SPAIN: AT BREAKING POINT? A political and economic analysis for 2013 IBERIANS OF THE YEAR: The most influential people and groups of 2012

Archives

| Category: Expats, Spain Expat | |

Calculating complimentary tax on Spanish property

The real sting to complimentary tax is that many Spanish house buyers don’t know it exists and it creeps up just when they think everything is paid for. After four years of living in a property you don’t suddenly expect to get a tax demand that dates back to when you bought it.

By



Of course, more research might have unearthed the possibility of this tax. But many purchasers expect the information to be given to them. Unfortunately, those keen to sell property are not always as keen to inform you of the taxes you can expect to pay. Ironically, this lack of transparency is one of the reasons so many possible purchasers are anxious about buying in the first place.

However, complimentary tax need not be a skeleton in the closet, provided you prepare for it. This tax, levied on purchases up to five years after the purchase date, consists of 7% of the difference between what you declared you paid and what the Tax Authority claim it is worth. Plus interest, of course. It originated because the full cost of the house purchase was not always declared in a bid to reduce Capital Gains and Transfer tax.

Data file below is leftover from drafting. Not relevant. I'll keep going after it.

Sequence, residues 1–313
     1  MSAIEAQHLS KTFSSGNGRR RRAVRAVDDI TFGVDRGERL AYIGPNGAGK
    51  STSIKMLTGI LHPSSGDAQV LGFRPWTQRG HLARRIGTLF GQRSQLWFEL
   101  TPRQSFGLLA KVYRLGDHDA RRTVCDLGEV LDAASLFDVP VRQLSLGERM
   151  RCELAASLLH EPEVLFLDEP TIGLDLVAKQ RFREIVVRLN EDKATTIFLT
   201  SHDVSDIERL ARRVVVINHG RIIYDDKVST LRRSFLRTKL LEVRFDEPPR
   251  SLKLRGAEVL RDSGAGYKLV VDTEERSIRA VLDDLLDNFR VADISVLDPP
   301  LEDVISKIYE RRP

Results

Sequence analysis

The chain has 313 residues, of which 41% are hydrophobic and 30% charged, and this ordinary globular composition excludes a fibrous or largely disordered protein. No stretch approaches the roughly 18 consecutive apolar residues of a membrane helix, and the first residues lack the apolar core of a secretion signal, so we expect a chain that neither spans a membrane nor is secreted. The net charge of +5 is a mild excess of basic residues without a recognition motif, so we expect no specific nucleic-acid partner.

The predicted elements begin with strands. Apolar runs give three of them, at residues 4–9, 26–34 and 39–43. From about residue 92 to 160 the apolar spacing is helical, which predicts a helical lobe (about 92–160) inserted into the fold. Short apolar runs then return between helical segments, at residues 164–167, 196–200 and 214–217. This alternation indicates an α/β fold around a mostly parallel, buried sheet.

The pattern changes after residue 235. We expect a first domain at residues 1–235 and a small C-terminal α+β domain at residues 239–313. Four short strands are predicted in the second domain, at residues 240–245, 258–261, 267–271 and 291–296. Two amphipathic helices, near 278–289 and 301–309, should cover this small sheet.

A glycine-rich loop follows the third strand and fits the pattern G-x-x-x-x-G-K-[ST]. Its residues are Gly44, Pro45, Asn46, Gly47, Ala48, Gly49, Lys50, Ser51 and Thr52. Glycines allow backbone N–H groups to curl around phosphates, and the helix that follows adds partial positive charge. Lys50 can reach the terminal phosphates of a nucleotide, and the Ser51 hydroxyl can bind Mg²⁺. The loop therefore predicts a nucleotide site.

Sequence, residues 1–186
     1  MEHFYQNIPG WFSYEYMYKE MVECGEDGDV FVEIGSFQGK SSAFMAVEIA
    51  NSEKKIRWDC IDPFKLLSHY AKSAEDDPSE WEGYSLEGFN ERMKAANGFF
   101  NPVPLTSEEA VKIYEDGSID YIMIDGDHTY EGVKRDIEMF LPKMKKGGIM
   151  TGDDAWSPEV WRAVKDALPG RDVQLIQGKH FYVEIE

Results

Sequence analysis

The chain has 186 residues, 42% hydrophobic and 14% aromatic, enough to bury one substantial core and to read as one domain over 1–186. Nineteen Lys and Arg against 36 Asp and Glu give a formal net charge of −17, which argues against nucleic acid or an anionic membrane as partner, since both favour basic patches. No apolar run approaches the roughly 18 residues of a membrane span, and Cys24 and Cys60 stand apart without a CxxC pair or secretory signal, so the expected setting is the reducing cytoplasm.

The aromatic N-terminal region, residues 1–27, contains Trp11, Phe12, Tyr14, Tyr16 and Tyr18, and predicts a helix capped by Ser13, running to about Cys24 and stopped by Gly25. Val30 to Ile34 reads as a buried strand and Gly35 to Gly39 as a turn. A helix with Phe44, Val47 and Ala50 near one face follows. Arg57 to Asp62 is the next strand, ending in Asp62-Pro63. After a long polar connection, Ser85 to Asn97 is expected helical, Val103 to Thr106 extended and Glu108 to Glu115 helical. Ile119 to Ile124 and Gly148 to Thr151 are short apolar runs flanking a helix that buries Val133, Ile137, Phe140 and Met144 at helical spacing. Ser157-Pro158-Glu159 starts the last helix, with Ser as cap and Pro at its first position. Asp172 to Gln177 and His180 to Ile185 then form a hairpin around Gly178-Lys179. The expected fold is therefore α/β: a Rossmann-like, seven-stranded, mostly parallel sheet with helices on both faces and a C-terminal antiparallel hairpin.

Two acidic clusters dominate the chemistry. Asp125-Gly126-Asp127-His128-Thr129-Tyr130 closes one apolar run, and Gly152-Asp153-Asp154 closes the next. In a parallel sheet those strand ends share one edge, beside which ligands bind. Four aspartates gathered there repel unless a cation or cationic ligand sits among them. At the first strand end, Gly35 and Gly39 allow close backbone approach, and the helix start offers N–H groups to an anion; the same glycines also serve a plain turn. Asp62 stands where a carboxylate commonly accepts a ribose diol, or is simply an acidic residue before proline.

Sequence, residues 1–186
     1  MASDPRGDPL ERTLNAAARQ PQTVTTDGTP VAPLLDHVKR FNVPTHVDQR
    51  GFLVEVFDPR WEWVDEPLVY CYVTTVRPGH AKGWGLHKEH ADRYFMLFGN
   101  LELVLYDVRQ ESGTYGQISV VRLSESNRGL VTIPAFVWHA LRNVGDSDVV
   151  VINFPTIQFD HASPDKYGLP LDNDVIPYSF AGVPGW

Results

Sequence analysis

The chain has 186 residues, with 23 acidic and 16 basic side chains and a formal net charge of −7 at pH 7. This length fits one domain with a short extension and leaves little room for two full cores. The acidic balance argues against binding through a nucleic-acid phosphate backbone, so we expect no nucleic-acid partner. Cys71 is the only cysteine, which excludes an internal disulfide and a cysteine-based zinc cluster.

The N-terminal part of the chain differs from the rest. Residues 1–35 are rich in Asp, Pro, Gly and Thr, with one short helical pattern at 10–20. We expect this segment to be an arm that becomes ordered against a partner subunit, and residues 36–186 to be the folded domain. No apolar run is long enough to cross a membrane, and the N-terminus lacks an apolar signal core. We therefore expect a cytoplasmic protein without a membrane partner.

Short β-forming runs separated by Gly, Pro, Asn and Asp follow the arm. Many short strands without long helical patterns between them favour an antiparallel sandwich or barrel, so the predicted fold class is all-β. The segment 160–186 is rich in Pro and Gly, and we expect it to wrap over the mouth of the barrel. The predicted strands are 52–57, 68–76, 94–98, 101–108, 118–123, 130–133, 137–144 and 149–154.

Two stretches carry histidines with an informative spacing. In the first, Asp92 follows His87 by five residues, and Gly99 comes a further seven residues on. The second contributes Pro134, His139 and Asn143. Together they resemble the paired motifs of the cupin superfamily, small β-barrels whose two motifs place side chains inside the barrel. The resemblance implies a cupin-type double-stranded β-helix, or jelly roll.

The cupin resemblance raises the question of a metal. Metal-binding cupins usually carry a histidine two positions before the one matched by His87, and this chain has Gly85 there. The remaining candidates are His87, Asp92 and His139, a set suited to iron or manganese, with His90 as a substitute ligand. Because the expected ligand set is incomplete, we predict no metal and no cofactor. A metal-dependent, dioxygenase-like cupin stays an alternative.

So how much should you put aside if you’re thinking of buying a bargain? The problem is working out what the Tax Authority will estimate the property to be worth. We have found it very difficult to come by the exact calculations to enable us to predict this. On the plus side, the rather fluid and complex formula they use is one of the reasons we’ve been able to win so many appeals.

All we can advise is that if you are considering buying a discount property you check what any previous purchase prices have been. This can be a useful guide especially if the price was paid at the height of the property boom (around 2004). Calculating 7% of the difference between this and what you pay should give you a rough idea of how much the tax might be.

Once you’ve bought your property, set the money aside and don’t be tempted to dip into it. Not for five years anyway. By then, if no tax demand has appeared you’ve got a nice little bonus for being prepared.





Related stories:


Next:
Previous:

Abaco Connect

Ábaco Asesores

Ábaco Asesores is a firm of lawyers and tax advisers established on the Costa Blanca in 1999. We have clients all over the world and provide legal and tax advice in seven different languages.
Website: http://www.abacoconnect.com/

Copyright: Ábaco Asesores
Category: Expats, Spain Expat
Short URL: http://iberosphere.com/?p=5468
You can follow any responses to this entry via RSS 2.0
Tags: , , , , ,

You must be logged in to post a comment Login

Recently Commented

  • Tim: From my point of view, girls working in a brothel are not forced,...
  • tom scott: sorry, but after having known someone for only one evening you...
  • tom scott: really stupid article! of course there are other options! the fact...
  • Matt: I am English and my girlfriend is from Madrid. My girlfriend’s ex...
  • betty: I hope that these comments will be read by new afa press applicants....